With meth-making on the rise, what to do with drug treatment court?

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Jonah Beleckis
Sunday, March 19, 2017

ELKHORN—The Walworth County District Attorney is cautious about letting methamphetamine manufacturers into Drug Treatment Court because making meth poses a greater danger to the community, he said.

“Meth poses a greater risk to the community than heroin does in the sense that, not only is it dangerous when someone uses the illegal substance, but meth--the process of creating it--puts the general public at risk as well,” District Attorney Zeke Wiedenfeld said. “I think we have to (look at meth differently than heroin).”

State Attorney General Brad Schimel told legislators last month that although much of his attention has been on fighting heroin and opioid addiction, the state must fight on a second front: methamphetamine.

One method Walworth County legal officials have used to handle heroin-addicted criminal offenders is Drug Treatment Court, "where participants actively engage in treatment, are highly monitored through drug testing and are held accountable through frequent court appearances," said Treatment Court Coordinator Katie Behl. 

But as meth—a cheap and easy-to-make stimulant that can explode during its making—is becoming more prevalent in Walworth County, Wiefenfeld said his office has to consider the extra damage meth poses to the community before allowing manufacturers to enter drug court.

Wiedenfeld said prosecutors have seen people with meth charges get arrested again on other meth charges while their cases are pending. Two such cases resulted in guilty pleas in the last 10 days.

Patrick Gerber, 38, pleaded guilty March 15 to manufacturing meth after he was released on bond for possessing materials to make meth a few months earlier. Bryan Tidwell, 32, pleaded guilty March 9 to manufacturing meth and then later helping deliver meth while he was released on bond.

Wiedenfeld said “everyone generally agrees that treatment is a good thing,” and treatment courts are effective in providing treatment to the community by creating strong incentives for people to comply with requirements.

Behl said drug court is at capacity for the first time since its inception in 2014. The program has 15 participants with space for 25.

Although she said she has recently been getting new referrals to the program, she does not think the program has had a new enrollee since late November.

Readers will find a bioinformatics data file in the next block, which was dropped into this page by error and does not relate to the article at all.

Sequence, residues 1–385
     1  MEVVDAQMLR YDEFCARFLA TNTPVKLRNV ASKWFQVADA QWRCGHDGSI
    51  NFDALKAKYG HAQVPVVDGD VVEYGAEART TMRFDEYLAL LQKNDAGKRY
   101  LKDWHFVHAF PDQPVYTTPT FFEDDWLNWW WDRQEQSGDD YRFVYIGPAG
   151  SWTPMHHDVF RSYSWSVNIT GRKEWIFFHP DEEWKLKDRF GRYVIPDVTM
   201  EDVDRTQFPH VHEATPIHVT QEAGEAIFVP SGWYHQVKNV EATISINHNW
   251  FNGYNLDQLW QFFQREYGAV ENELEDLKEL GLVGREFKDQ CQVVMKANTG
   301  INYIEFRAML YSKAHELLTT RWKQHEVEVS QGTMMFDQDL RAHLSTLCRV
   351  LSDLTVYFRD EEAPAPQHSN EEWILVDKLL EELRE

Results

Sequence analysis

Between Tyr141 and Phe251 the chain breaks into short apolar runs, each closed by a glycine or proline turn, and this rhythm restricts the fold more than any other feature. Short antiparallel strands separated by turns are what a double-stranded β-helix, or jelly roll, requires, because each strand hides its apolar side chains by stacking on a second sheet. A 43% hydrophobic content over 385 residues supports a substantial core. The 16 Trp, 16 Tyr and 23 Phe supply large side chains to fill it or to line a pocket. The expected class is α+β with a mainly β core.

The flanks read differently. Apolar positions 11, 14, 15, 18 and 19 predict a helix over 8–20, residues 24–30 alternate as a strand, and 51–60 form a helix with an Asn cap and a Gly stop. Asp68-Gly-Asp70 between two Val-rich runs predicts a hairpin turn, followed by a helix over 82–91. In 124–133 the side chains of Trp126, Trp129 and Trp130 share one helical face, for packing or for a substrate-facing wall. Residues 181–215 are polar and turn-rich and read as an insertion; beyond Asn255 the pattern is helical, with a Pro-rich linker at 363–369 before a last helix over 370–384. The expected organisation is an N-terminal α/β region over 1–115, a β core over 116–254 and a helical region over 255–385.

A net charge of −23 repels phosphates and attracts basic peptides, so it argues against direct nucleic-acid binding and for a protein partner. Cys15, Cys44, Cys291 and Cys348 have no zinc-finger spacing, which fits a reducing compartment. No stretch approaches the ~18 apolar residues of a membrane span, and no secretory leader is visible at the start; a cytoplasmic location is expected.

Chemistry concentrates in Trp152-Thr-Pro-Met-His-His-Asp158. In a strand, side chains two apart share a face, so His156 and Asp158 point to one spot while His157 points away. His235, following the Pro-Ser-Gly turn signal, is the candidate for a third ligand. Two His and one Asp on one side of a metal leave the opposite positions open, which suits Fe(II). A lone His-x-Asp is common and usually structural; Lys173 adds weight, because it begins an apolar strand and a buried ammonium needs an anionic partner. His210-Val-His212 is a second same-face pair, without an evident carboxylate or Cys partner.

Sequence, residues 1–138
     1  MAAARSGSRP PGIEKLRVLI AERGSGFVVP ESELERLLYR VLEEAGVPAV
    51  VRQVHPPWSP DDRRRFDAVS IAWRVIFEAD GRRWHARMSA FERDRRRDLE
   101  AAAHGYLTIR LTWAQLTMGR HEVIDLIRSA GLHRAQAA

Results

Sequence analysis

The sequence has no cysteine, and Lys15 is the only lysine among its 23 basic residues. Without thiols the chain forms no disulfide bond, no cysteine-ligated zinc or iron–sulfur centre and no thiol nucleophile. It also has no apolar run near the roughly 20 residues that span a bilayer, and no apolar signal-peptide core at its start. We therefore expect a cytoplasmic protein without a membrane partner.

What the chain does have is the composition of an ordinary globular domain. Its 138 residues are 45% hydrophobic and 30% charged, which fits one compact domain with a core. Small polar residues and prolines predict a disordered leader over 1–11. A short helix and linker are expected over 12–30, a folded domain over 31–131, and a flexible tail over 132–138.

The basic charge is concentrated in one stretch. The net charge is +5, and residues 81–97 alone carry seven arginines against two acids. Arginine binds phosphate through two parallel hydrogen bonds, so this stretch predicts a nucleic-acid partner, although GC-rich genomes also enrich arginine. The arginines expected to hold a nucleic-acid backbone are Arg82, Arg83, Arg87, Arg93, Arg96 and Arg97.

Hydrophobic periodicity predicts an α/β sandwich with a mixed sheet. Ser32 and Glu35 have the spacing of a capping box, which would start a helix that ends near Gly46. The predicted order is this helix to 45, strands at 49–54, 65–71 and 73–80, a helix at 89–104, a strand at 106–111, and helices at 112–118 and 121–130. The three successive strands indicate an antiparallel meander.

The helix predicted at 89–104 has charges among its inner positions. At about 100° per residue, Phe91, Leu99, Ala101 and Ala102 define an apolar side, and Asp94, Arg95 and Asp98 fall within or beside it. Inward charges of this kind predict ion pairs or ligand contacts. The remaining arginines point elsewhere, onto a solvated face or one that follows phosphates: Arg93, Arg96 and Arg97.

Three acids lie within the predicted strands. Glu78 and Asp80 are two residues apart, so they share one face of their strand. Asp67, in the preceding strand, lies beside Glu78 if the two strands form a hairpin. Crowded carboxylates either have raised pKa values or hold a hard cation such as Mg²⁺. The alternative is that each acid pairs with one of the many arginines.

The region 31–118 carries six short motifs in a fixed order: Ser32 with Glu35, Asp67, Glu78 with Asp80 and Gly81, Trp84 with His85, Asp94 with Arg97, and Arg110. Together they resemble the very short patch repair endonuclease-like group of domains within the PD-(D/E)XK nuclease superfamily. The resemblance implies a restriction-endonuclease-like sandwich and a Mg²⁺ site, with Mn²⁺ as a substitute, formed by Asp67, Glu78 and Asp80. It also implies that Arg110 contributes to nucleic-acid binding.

Tidwell was denied access to drug court and veterans court, defense attorney Francis Raff said.

While Wiedenfeld said they are still figuring out how best to handle meth-making cases, Behl said statistics from the National Association of Drug Court Professionals show drug courts help meth addicts.

-- When compared to eight other programs, drug courts quadrupled the length of abstinence from meth.

-- Drug courts reduced meth use by more than 50 percent compared to outpatient treatment alone.

“So as the, even the state, but as the country has shifted to more meth, too, drug courts have had to shift as well,” Behl said. “And so we're still seeing the same positive outcomes as drug courts have had over all drugs too.”

Before prosecutors consider recommending a defendant for treatment court, Wiedenfeld said they consider the risk the person poses. Their evaluation considers the nature of the drug and the person's background.

“The goal is, if we're going to try and treat somebody in the community, we want to make sure that they are people who are less likely to harm the community,” Wiedenfeld said.

In his Feb. 9 testimony, Schimel emphasized the need to combat the rising meth epidemic on all sides.

“As we have learned with the opiate problem, it is not enough to go after only the supply side of a drug crisis,” Schimel said. “I have said many times, we will not arrest our way out of a drug epidemic. We must also address the demand side.”

Still, Schimel said, one-pot meth labs “often result in the condemnation and destruction of the building in which the drugs were produced and/or used.”

Meth's rise poses challenges to law enforcement and other public officials that other drugs do not. And because this is a relatively new problem for Walworth County, everyone is still working to find the best ways to deal with it.

“It's being discussed right now because this is a newer problem,” Wiedenfeld said. “Everyone is still working and trying to figure out what to do.”

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